Real interest rates, the rate of return you receive on your savings after adjustment for inflation, have been negative for a long time. But this is the first time Denmark has set nominal interest rates below zero. People who have been paying attention to inflation figures have noticed the negative rate of return for holding Euros (and dollars). Those people are buying gold, silver, and other commodities that act as a counterbalance to inflation and, in times of crisis, can actually increase in purchasing power. For the people who haven’t really focused on the markets and their investments, the flip to negative nominal rates should be a wake up call. A negative nominal interest rate means the bank is taxing you to hold your money, in addition to any outstanding fees they normally charge to keep accounts open and change money.
That people still hold significant amounts of money in a bank when rates are negative suggests these people don’t know what to do with their money to protect it from inflation and keep it safe from the bankers’ next collapse. Some will choose to take their money out of the bank and hold it in cash to avoid paying the penalty that negative interest rates impose on savers. The banks would like to keep “consumers” spending instead of saving.
* Central bank cuts main policy rate by 25 bps to 0.20 pct
* Cuts CD rate by 25 bps to negative 0.20 pct
* Keeps current account rate unchanged at 0.0 pct
* Lifts current account limits (Adds c.bank governor quotes, details; updates crown rate)
By John Acher and Ole Mikkelsen
COPENHAGEN, July 5 (Reuters) – Denmark’s central bank cut interest rates by a quarter point on Thursday, mirroring the European Central Bank’s action earlier in the day, putting one of its secondary rates below zero for the first time in history.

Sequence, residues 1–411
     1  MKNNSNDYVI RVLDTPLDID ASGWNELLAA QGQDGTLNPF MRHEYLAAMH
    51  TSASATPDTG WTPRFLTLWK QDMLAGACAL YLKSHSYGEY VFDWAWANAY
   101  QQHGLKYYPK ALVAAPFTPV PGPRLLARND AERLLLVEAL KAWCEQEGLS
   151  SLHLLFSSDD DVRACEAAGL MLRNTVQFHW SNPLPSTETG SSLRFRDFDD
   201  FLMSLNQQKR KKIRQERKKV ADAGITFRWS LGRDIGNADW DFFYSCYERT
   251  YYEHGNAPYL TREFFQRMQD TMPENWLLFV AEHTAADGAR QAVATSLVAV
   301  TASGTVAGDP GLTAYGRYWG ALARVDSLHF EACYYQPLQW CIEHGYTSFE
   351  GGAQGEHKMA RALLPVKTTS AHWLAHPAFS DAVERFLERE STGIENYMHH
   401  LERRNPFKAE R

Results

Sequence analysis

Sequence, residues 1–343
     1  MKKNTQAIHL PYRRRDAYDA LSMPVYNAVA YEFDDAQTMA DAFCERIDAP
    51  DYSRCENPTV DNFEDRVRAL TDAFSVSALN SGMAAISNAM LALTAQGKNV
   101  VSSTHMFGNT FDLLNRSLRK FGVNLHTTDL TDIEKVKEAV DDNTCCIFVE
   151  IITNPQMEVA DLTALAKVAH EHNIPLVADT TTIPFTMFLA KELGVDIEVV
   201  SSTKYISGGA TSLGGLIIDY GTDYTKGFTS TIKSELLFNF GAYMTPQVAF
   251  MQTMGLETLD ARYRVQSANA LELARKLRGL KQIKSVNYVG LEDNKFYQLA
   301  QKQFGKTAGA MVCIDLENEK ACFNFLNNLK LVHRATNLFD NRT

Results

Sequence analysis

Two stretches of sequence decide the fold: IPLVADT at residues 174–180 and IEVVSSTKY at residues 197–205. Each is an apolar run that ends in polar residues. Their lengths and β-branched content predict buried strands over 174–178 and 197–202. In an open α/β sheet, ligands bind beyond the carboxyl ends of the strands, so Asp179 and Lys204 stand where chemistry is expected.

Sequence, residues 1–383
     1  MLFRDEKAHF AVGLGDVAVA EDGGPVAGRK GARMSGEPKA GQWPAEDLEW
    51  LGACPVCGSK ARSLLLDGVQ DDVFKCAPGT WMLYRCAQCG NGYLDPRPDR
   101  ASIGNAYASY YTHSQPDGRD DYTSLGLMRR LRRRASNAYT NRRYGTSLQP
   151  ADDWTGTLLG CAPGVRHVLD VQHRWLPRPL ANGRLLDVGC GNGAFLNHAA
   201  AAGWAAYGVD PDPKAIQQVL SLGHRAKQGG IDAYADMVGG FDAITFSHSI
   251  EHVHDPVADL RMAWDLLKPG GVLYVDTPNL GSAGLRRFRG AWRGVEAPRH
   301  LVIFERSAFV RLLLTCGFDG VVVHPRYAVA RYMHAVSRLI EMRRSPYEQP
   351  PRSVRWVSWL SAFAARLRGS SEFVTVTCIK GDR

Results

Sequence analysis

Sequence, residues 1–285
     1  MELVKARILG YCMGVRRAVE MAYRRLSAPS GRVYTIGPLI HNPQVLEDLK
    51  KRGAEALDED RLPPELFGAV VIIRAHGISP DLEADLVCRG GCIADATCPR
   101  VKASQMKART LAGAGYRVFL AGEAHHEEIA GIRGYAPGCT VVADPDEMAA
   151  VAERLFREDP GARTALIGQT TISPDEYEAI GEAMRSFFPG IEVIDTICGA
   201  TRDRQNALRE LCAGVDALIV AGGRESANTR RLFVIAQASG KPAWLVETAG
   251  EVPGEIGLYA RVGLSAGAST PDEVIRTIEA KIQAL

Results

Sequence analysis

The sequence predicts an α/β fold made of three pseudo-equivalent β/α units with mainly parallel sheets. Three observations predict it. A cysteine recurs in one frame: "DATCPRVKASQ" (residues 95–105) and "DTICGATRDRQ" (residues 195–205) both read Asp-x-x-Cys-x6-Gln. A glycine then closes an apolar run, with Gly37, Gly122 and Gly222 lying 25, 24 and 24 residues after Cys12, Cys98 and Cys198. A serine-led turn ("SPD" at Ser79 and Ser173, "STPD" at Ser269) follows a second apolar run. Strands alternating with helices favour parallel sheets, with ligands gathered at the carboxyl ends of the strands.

Yields on some short-end Danish government bonds had already turned negative earlier, as investors fearful of turmoil in the euro zone have piled into non-euro assets, including Danish bonds, and are were willing to pay to shelter their money.
The Nationalbank cut its lending rate to 0.20 percent from 0.45 percent and lowered its certificates of deposit (CD) rate to negative 0.20 percent from 0.05 percent to match the ECB’s move and to curb strength in the Danish currency.
“When the ECB moves downwards, we are moving in parallel,” central bank Governor Nils Bernstein told Reuters.
“Our main concern is the pegging of the crown to the euro, and therefore we want to make sure that the effect of the interest rate is felt,” Bernstein said.
EU member, but euro outsider, Denmark conducts a fixed exchange-rate monetary policy to keep the crown steady within a narrow band to the euro, and the central bank changes interest rates for the sole purpose of carrying out that mandate.
The negative CD rate means that banks must pay the Danish central bank for the privilege of depositing money with it, which is a reflection of the high uncertainty in financial markets as Europe’s debt crisis has deepened.